By Devon Chestnut, APR
The last session of the day featured a fireside chat with Shirley Powell, Executive Vice President of Corporate Communications for The Weather Channel Companies. The fireside chat was moderated by FRPA’s own Roger Pynn, APR, CPRC. Powell addressed a variety of topics during the discussion, fielding questions and comments from Pynn and from the audience. Here’s a snapshot of some of the points made during the conversation:
• Women make up a majority of public relations positions but many of the top positions still belong to men. For whatever reason, women continue to face challenges obtaining those roles.
• Powell’s advice for young women, especially those questioning how to balance work/life obligations: You can never really balance work and life obligations. You can’t look at any given day and decide if you are successful at it or not. Any given day can be disastrous. One day work wins. The next day family wins. Look at it in big chunks. Is my husband still speaking to me? Are my kids still speaking to me? Is my boss still speaking to me? Iif yes, you’ve won!
• What was it like working for a media company full of media people? While at CNN, anytime an internal memo was sent out, reporters always thought there was more to it – they reached out to get the “real story,” even though it was just a memo. When there was real internal news, her team made sure to get the information to the reporters so they could be the first to break the news. You can’t have an outside news source break the news before your own reporters.
• When asked about the retransmission dispute between The Weather Channel and DirecTV, which was a very public battle, Powell noted that no one wins in these types of situations. Although both parties are trying to do what’s best for their consumers, the consumer is in the middle and uninterested in the basis of the battle. In this situation, The Weather Channel pulled a small crisis team together, meeting twice a day, for seven days, for three weeks.
• Powell shared the story of her biggest crisis. While at Turner, Cartoon Network’s marketing team did a marketing stunt for a show on Adult Swim which featured “light bright” figures placed in various cities around the country. In Boston, people began reporting what they thought were bombs located throughout the city. The bomb scare appeared all over the news and caused a panic within the city of Boston. It turned out that the “bombs” in question were actually the Adult Swim marketing pieces. The crisis required Powell to work three days straight in order to address and rectify the situation including numerous radio and print statements.
• Powell believes that a public relations leader should report to the CEO, not to marketing or human resources.
• When it comes to talent, Powell looks for intangible qualities. A good resume is important but it is only a point of entry. One trait that is critically important is desire to continuously learn, read, study. Another trait is a strong knowledge of what is going on “outside of the building.” People should have a broader view than just a press release.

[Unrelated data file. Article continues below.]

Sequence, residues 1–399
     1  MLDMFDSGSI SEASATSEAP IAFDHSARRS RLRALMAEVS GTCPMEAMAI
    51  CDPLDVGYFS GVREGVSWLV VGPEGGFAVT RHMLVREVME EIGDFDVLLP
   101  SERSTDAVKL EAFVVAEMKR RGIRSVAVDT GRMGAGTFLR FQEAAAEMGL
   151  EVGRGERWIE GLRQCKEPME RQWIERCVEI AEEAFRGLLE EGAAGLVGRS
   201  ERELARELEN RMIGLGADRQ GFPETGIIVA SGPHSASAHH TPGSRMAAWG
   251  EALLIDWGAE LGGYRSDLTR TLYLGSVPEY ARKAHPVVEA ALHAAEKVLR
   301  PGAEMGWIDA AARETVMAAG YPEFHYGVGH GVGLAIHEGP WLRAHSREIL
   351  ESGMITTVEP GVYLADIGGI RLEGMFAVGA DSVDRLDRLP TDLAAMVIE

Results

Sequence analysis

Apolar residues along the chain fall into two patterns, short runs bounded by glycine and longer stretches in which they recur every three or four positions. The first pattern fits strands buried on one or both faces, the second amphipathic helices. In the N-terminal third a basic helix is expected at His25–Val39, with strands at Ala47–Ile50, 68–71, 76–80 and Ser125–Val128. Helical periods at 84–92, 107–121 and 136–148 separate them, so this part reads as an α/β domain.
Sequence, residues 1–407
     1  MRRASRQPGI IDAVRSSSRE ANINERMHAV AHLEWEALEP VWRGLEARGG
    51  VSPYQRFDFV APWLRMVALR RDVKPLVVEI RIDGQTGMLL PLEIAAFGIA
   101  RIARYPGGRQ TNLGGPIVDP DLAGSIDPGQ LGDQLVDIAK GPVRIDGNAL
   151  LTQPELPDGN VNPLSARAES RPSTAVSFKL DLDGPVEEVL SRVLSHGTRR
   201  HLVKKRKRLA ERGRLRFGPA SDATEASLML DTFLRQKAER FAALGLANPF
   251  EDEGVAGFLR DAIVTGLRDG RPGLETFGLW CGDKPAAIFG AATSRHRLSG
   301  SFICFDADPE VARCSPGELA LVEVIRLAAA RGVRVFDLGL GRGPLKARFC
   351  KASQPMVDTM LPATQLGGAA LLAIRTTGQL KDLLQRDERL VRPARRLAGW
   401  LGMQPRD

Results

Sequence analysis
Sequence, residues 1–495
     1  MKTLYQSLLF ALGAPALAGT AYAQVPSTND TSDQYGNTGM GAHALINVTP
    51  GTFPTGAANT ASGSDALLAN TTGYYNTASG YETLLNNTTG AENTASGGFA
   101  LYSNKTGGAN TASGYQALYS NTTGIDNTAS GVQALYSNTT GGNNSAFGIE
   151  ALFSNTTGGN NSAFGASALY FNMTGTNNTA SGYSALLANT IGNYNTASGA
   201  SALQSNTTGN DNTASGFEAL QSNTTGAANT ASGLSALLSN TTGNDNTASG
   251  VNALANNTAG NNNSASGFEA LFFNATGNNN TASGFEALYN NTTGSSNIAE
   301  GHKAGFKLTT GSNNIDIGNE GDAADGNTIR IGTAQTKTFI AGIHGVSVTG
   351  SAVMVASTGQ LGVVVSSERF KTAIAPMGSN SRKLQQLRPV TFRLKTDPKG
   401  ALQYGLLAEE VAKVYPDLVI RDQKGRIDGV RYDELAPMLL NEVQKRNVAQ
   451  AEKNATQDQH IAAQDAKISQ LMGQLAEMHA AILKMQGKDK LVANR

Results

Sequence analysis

• Powell was asked about the placement of The Weather Channel staff, specifically Jim Cantore. Powell shared that Jim is sent to areas expected to receive the greatest impact from a weather condition. If you see Jim in your town, assume a storm is about to hit. With regard to the viral footage of Jim kneeing a rowdy fan, Jim was initially embarrassed by the situation but once it became viral, he loved the media it generated.
• Powell’s advice on how to get to the top and stay there:
⁃ react quickly
⁃ juggle lots of things
⁃ maintain an intellectual curiosity
⁃ add value
• Powell’s best piece of advice? People join companies but leave bosses. Do as much research on your potential boss as much as you would do on the company. You need to know who you are going to work for.
As executive vice president of corporate communications for The Weather Channel Companies, Shirley Powell has executive oversight of all internal and external public relations, communication and social media strategies for the company’s valuable portfolio of consumer and business-to-business weather businesses including The Weather Channel, weather.com, wunderground.com and WSI.
With more than 25 years in the media industry, Powell’s understanding and broad experience play a critical role in taking the company’s message to key constituencies. Prior to Weather, Powell served as senior vice president of corporate communications for Turner Broadcasting System Inc. overseeing the strategy, development and implementation of TBS’s external messaging and serving as its chief spokesperson for networks and businesses such as CNN, TBS, TNT and Cartoon Network. She was also responsible for internal communication, as well as government affairs, corporate contributions and community relations. In addition, she held senior communication positions with NBC Entertainment and Disney Channel. Powell led publicity and helped launch large projects, such as the launch of Cartoon Network, Toon Disney, Nickelodeon Studio and Universal Studios Florida. She started her career at Curley & Pynn Public Relations.